And second in the defense dimension, imagine the implications of successful counter-moves. What if the enemy is able to access this system and extract the information available? Imagine the advantages to the enemy if the information our commanders access is suddenly corrupted, becoming either unusable or, perhaps more worrisome, inaccurate. Units could be reported to be in the wrong locations, increasing the chances of friendly-fire exchanges. Or personnel could be reassigned to units where their services are either not needed or not relevant. And what if fuel supplies are cancelled or diverted?

At all levels, from the local LAN system to national security issues, we need to think about such possibilities. The challenge is identical to the move and counter-move scenario that those of us in the defense sector have observed throughout the past century. Just as aircraft and the development of radar engendered countervailing responses, the same has been seen in armor and anti-armor warfare, submarine and anti-submarine warfare, and on a more contemporary issue, missiles and missile defenses. We are accustomed to thinking in these terms. Presently, one of Northrop Grumman's high-priority programs is developing not only information systems that detect attacks but hopefully also predict attacks, and when an attack succeeds, quickly and seamlessly restore any information that may have been lost, damaged, or altered.

I see this as a natural area in which the focus and experiences of those of us in the defense sector converge with those of you in the computer and software industry.

In the defense industry, we have been preparing for this new challenge by developing systems and software designed to help the military detect intrusions and recover critical data in real time—a concept called "information resiliency." But we have not been doing it alone. We have heavily relied on the valuable contributions of our IT colleagues in the private sector, who have provided many commercial off the shelf solutions that are woven into our own systems. For example, our Northrop Grumman team has integrated commercial products with our own efforts to forecast attacks and respond in real time immediately after the attack. From an information resiliency perspective, recovery is, after all, easier if the attack is not entirely unexpected.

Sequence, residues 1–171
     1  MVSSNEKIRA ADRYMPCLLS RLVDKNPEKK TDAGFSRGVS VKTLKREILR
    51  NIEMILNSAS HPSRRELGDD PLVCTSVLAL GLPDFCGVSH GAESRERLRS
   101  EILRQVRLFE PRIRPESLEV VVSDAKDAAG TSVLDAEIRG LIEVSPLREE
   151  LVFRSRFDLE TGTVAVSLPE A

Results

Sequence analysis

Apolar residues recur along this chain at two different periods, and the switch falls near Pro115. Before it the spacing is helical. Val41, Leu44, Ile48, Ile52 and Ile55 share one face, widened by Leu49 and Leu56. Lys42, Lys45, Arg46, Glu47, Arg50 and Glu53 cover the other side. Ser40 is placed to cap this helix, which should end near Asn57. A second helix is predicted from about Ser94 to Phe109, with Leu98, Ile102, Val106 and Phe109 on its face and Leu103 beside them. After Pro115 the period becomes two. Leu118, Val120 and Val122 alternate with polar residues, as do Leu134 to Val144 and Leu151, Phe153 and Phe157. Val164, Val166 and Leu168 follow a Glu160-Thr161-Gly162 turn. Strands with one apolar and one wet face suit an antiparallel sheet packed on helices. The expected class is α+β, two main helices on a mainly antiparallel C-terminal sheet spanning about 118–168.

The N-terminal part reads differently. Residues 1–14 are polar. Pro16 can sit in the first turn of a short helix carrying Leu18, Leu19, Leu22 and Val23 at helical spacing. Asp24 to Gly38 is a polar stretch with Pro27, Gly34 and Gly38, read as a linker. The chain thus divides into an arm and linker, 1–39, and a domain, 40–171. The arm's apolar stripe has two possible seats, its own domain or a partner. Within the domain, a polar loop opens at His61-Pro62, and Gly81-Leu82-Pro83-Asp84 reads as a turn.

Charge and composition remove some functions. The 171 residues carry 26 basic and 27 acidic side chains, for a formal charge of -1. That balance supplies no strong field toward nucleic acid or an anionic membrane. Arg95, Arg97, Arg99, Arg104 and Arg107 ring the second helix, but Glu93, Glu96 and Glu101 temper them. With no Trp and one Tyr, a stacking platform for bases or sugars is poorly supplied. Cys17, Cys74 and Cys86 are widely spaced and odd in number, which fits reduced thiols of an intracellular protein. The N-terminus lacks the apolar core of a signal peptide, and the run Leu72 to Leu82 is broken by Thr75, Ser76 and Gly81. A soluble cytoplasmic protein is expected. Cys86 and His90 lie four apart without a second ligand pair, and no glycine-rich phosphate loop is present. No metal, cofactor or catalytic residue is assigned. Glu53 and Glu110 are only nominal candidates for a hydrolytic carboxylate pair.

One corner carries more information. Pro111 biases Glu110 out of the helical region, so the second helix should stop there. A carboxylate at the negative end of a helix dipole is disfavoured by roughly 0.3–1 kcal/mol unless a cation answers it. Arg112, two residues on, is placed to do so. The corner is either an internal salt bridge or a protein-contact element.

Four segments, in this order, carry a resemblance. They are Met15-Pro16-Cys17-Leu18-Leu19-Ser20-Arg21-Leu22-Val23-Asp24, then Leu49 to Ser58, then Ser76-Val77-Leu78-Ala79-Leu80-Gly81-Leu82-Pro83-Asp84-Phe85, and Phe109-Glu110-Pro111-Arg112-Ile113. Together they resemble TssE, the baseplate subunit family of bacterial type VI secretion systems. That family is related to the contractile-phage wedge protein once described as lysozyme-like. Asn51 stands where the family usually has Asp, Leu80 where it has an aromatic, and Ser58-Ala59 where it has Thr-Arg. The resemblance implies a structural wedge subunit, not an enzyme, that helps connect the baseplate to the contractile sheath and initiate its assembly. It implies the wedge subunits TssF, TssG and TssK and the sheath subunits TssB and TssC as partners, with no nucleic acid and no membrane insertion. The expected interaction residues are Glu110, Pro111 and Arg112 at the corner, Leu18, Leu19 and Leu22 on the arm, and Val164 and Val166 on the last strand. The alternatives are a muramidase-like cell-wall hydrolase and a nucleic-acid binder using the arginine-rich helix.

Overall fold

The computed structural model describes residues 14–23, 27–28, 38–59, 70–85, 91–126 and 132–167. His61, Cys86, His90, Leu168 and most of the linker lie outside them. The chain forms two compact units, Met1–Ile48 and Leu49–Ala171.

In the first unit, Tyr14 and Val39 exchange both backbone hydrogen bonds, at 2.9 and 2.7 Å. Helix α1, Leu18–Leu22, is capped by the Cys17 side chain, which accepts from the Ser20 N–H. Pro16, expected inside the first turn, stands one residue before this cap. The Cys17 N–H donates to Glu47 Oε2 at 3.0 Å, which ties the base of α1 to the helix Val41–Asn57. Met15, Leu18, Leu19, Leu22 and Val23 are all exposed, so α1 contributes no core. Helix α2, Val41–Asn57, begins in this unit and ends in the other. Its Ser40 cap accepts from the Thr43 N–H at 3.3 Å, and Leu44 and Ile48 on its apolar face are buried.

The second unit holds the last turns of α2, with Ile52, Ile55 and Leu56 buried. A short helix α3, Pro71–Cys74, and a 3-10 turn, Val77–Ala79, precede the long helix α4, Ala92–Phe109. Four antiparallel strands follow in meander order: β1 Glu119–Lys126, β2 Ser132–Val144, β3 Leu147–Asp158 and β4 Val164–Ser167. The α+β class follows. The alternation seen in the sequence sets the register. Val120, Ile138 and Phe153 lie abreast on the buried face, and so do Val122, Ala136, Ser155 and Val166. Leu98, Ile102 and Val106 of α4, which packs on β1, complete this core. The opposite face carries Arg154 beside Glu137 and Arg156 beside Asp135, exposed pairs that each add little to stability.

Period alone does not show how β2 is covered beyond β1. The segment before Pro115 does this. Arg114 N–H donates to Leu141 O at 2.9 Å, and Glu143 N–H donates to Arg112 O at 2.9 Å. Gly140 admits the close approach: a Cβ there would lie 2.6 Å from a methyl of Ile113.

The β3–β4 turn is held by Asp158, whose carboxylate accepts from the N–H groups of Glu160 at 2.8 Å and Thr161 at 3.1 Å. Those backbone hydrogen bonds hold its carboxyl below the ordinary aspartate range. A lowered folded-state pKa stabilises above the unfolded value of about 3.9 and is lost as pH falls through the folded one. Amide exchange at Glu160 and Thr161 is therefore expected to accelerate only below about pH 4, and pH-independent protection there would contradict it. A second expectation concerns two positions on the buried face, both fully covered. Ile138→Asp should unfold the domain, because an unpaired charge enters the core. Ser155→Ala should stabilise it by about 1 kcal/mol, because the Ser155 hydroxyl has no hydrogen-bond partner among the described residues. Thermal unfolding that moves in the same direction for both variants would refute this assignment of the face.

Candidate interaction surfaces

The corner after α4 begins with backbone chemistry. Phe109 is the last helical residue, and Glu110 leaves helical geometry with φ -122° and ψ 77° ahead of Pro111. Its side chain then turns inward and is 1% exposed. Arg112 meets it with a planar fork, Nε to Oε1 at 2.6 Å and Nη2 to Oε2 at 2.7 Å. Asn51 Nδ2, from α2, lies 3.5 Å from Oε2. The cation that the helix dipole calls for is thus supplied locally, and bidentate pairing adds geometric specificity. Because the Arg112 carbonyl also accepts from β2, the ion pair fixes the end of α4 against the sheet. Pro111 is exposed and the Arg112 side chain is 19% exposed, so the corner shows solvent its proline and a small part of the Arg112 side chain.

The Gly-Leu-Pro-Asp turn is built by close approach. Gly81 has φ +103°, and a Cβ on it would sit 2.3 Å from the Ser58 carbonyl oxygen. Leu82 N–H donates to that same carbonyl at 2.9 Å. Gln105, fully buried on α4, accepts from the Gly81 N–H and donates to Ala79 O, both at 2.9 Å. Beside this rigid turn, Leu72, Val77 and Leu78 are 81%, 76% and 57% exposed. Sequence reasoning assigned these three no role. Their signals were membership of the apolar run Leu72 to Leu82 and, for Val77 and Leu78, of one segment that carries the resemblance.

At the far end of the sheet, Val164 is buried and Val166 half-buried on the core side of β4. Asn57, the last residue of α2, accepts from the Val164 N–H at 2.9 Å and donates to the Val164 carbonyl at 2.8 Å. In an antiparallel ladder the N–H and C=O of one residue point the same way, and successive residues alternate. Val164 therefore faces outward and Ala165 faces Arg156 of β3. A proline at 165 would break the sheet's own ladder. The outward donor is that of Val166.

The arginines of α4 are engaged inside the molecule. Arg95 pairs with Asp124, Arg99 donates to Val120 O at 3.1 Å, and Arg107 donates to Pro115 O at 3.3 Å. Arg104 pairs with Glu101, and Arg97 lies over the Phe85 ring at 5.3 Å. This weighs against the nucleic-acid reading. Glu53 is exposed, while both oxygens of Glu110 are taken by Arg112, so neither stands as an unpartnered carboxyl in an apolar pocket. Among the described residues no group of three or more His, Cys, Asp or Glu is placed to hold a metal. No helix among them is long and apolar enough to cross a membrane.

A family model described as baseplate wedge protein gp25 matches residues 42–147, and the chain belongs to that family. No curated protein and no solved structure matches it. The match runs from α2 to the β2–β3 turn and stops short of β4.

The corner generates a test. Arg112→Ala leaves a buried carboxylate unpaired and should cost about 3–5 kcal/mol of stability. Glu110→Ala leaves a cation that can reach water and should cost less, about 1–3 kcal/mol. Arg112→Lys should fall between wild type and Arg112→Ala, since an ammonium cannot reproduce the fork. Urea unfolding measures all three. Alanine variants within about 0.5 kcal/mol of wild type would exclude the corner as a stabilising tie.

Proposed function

There is, in fact, a growing recognition that in the new emerging field of cyberwar, such information resiliency—and the related concept of information superiority—may become as important as the traditional military concept of air, naval, and ground superiority. In fact, it is more than that, since it involves the very livelihoods of all of you in this room. The commercial applications you work on are all subject to—and indeed often devoted to—issues relating to cyberwarfare, and I see your industry as a key player in cyberdefense, helping to guard against an electronic Pearl Harbor.

This analogy brings me to another key point. Historically, only the government could have responded when the bombs fell at Pearl Harbor more than half a century ago, and it seems probable that only government has the unifying authority to retaliate against a concerted "cyberwar" assault today. In most venues, the reduction and even removal of governmental control in the private sector has unleashed new efficiencies and spurred prosperity. However, defense against cyberwar may be the exception to this trend.

Consider the potential implications of future cyberwar attacks. What if commercial air traffic controllers received spurious signals in their computer systems and could not identify real airplanes from phantoms? There are already recent reports about false instructions being sent to commercial airliners from bogus air traffic controllers. What if other false instructions crippled the national utility grid or destabilized nuclear power plants? Could an enemy nation or terrorist group electronically disable our national health infrastructure to pave the way for a biological attack?